When big brands merge, big things change, and if the new United Club lounge at Chicago’s O’Hare Airport is any indication, sometimes big changes can be good. At 13,300 square feet, it’s more than four times the size of the previous United Club, and with its airy and modernized design program, it’s also serving as a primary aesthetic guide for United’s $50 million plan to redesign and upgrade its other United Club lounges in San Diego, Seattle, Houston, London, San Francisco, Atlanta, and Boston.
“The club in Terminal 2 was the first club for the new United brand, so it was really important that we embodied what the new United was going to be,” says Kate Gebo, vice president of corporate real estate for the airline. “This means clean, bright, open, and modern.”
The lounge at O’Hare was reopened in December 2012, and the updates to the other lounges are expected to wrap in 2014. However, the plans for the redesign were launched all the way back in October 2010, shortly after United joined with Continental, a merger which itself triggered a large-scale rebranding and livery change.
The previous United Club at O’Hare—one of the busiest airport hubs in the country—took up 2,300 square feet in the lower level of Concourse F in Terminal 2, with a diminutive design schema to match. The new lounge is still accessed through the concourse’s lower level, but after visitors are greeted there, they’re then directed to an escalator that climbs to the new lounge on the upper level, with floor-to-ceiling windows and sweeping views of the surrounding airfield.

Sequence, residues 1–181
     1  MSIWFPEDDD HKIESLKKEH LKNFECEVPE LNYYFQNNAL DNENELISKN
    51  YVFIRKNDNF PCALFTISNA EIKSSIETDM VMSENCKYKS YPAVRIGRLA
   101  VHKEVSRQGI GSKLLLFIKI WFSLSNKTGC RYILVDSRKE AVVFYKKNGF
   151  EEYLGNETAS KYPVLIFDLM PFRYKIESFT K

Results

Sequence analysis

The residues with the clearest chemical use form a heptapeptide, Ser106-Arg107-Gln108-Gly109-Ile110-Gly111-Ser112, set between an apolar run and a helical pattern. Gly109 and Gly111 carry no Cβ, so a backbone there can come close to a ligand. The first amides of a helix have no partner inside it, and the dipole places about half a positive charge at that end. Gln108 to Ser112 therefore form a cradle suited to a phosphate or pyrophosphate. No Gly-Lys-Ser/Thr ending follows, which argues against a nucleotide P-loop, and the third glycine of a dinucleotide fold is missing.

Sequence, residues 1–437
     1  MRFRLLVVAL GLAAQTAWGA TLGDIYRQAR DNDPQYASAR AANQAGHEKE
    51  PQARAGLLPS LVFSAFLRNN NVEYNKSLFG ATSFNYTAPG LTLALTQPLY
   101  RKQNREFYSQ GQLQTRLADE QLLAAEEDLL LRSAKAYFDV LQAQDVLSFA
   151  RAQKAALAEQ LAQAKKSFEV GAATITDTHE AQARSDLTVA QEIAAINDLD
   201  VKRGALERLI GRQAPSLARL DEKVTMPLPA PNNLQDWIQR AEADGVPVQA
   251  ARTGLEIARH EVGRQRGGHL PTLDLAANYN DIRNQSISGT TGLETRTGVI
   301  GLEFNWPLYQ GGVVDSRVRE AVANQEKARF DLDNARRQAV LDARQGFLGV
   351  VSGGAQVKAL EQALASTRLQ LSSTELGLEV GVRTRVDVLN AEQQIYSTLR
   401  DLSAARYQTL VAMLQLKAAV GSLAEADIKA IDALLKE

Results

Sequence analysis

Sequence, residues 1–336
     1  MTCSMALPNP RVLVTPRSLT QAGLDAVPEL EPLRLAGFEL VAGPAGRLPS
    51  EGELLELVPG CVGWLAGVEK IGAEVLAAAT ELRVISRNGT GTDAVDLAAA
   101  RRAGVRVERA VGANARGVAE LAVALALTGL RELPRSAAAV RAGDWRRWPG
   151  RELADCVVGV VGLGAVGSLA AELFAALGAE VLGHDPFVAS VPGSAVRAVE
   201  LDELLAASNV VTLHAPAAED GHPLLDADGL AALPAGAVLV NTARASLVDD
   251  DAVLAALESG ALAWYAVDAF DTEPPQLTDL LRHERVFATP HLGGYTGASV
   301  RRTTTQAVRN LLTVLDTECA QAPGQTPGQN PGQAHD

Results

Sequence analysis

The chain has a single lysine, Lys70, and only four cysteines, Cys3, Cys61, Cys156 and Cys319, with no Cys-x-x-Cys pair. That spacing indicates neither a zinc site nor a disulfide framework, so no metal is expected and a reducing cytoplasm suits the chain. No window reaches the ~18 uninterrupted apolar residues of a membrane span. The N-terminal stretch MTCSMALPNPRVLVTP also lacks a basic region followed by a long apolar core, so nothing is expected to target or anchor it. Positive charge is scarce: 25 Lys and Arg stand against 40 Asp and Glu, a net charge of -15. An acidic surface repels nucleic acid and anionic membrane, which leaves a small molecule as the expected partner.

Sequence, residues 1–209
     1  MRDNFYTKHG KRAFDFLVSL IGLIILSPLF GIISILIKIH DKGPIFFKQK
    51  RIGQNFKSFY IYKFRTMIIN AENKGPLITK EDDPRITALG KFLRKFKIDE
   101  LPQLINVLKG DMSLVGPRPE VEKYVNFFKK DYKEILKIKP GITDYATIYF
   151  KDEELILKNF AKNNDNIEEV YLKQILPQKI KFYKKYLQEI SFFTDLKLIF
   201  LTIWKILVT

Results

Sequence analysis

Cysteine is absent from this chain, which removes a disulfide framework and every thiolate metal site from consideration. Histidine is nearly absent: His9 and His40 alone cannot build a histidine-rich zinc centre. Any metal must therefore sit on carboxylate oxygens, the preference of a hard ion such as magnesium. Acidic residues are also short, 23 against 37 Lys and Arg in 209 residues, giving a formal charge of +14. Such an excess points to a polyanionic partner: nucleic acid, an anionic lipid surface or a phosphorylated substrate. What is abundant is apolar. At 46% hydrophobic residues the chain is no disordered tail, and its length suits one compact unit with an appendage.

Hand-Carved Stone Wall
Jet Engine-Inspired Coffee Tables
Suspended Metal Screens
GKD Metal Fabrics
“Crinkled” Glass Wall
Joel Berman Glass Studios
Spherical LED Lights (above bar)
Custom Boeing Dreamliner-Inspired Restroom Mirrors
The new lounge is done in clean, crisp lines and comfortably hosts up to 300 guests. “We’ve tried to incorporate some aviation elements into the design itself,” Gebo says. “The planter tables are fashioned after an aircraft engine, and some of the shades and lighting elements in the space remind you of that same aircraft casing.” The restroom mirrors in the lounge are likewise shaped with the same dimensions as the windows of a 787 Dreamliner.
Additionally, the various chairs and seating areas in the lounge feature comprehensive access to plugs and chargers—a hot commodity in any airport. “Customers want to be able to plug in easily so [that] they can relax, whether they’re at the bar, in the buffet area, or by the windows looking at the airfield,” Gebo says.
While the lounge at Terminal 2 reflects modern aesthetic principles and expectations, its design also pays historical homage to both United and Continental through a series of large art pieces spanning the back wall. Each one displays an enlarged period photograph from the merged airlines’ archives.
With its modern finishes, digital adaptability, and myriad amenities, the new United Club at O’Hare is not only indicative of a change in brand but a change in air-travel habits. “Connections are downtime for our customers, so our goal with these lounges is to make that downtime as productive as possible,” Gebo says. “This lounge provides them the space to be able to recharge, relax, and get work done in a club environment.”